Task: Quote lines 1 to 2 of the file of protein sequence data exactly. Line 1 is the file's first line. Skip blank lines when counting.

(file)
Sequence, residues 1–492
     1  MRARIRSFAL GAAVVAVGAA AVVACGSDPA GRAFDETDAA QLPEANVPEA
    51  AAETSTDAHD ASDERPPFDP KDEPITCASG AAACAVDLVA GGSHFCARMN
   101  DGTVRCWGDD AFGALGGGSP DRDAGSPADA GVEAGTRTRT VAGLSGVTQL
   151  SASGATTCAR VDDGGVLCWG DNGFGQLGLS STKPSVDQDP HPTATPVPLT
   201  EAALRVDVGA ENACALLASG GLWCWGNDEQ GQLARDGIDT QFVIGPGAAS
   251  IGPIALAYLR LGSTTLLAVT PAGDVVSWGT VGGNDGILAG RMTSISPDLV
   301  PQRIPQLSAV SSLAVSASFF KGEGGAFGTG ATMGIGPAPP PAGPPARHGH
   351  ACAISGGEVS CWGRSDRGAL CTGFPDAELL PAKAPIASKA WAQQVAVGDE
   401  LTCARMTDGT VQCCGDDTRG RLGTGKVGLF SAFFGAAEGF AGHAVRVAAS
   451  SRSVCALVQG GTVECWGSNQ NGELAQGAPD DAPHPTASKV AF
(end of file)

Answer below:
Sequence, residues 1–492
     1  MRARIRSFAL GAAVVAVGAA AVVACGSDPA GRAFDETDAA QLPEANVPEA